TPP Back on the Table for the United States

Leaders of the original TPP states in 2010, cc Flickr Gobierno de Chile, modified,


In a major reversal, President Trump has said that he’d be open to rejoining the Trans-Pacific Partnership (TPP), the 12-nation free trade agreement that Trump railed against on the campaign trail and withdrew from on his first day in office. Trump followed up the initial revelation, which came during a meeting with Republican lawmakers, with a clarifying tweet: “Would only join TPP if the deal were substantially better than the deal offered to Pres. Obama.” These statements mirror earlier suggestions from President Trump in Davos that the U.S. would join if there was a ‘substantially better’ agreement.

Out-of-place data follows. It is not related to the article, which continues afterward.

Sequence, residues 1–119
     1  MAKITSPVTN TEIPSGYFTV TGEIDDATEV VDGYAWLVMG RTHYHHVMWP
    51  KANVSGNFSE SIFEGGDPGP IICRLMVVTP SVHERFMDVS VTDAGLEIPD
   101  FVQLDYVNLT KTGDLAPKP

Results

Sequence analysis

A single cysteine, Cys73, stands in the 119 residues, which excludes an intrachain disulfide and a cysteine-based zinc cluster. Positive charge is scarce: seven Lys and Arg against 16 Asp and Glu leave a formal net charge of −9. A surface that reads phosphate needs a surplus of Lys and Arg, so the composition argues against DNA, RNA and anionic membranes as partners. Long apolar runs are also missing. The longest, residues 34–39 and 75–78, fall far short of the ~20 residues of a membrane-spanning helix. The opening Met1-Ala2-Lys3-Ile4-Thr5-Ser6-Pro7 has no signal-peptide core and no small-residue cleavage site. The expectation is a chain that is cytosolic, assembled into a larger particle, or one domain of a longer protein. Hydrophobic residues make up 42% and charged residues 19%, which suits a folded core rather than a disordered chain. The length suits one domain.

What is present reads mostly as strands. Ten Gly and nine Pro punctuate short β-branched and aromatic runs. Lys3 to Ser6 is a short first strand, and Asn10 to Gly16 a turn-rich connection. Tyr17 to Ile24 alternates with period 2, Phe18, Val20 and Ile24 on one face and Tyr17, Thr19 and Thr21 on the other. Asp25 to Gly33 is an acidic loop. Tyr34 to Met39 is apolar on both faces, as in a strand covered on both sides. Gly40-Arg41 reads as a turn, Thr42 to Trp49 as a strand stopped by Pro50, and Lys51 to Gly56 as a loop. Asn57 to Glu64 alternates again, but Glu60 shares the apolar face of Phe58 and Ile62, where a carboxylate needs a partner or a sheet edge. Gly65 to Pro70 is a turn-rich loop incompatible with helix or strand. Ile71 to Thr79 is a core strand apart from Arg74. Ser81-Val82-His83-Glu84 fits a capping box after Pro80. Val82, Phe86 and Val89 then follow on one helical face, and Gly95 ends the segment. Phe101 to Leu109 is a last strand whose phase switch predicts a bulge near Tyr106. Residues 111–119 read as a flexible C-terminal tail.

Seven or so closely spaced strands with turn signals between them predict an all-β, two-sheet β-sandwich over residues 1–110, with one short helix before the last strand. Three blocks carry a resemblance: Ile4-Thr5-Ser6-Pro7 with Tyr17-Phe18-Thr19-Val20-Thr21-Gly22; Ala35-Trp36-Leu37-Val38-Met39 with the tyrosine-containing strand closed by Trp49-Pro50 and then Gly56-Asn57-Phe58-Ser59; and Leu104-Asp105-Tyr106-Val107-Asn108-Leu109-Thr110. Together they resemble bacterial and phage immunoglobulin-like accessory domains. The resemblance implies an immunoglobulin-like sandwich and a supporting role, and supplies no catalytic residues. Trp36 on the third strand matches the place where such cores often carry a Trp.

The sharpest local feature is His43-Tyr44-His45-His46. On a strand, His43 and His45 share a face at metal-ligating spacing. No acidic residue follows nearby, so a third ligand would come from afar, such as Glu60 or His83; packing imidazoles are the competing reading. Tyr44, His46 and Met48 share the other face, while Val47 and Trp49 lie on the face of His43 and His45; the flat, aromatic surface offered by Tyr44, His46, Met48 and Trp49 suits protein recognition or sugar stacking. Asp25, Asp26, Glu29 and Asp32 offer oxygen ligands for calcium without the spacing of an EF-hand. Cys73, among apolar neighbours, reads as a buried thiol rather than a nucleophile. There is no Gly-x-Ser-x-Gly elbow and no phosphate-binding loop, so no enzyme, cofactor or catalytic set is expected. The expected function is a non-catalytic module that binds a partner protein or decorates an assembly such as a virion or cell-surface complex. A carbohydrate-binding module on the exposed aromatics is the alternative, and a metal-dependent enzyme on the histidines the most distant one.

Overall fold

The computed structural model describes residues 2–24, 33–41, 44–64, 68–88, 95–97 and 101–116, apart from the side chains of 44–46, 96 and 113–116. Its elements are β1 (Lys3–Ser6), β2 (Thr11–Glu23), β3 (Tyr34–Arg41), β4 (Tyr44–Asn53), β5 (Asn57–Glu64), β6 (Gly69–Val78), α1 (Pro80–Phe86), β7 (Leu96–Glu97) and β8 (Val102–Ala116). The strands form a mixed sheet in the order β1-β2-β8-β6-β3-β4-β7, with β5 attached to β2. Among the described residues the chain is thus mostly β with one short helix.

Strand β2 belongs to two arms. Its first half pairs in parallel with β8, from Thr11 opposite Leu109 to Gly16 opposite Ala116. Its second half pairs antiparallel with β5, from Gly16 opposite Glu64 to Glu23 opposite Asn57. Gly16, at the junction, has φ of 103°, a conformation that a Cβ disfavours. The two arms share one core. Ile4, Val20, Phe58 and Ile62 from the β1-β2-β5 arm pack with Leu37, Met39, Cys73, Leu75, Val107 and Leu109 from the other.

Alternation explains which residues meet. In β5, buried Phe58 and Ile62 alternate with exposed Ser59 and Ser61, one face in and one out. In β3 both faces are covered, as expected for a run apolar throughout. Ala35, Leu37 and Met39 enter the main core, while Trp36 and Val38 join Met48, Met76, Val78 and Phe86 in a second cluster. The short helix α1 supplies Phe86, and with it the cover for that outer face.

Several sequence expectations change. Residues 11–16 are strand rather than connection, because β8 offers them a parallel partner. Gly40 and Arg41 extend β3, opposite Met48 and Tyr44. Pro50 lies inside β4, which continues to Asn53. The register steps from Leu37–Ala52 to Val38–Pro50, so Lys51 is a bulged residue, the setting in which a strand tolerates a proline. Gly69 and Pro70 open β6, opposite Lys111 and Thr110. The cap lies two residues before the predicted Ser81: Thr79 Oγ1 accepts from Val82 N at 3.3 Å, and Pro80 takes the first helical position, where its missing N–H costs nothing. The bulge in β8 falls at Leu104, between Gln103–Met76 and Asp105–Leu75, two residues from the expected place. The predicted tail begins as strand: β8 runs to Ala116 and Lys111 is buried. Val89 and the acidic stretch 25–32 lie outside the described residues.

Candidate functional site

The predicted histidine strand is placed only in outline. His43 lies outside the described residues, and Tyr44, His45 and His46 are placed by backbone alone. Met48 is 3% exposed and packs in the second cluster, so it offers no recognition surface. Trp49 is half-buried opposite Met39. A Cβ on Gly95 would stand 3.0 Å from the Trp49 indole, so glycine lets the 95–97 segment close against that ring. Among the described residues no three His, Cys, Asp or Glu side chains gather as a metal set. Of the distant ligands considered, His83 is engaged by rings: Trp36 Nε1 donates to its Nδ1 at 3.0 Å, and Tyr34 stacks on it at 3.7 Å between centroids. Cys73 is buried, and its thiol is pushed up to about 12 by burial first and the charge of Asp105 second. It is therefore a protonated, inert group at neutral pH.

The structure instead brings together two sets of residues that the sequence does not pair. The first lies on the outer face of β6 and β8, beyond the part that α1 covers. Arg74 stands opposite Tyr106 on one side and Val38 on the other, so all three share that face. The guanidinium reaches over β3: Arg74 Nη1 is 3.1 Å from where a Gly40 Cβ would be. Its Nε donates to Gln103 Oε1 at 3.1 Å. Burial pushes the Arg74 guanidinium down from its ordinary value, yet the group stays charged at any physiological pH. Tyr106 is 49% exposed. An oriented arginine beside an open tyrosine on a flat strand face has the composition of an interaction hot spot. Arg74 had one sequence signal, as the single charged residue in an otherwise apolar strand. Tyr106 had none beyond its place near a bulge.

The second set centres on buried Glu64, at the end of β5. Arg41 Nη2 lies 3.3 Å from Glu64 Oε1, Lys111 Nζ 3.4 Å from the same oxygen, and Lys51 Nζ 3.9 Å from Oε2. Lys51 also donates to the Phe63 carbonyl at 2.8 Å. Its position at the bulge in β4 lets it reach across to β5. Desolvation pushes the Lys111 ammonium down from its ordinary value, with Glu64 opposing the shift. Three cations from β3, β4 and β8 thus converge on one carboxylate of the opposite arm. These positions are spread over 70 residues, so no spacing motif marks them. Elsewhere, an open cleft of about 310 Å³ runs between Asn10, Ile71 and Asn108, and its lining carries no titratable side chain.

Now over a year into his presidency, Trump may be coming around on the original economic and geopolitical rationale that birthed the TPP in the first place: the need to set new trade rules and forestall China’s economic domination over the Pacific. But even if the president has had a genuine change of heart, the United States’ (re)ascension to the agreement is far from a sure thing.


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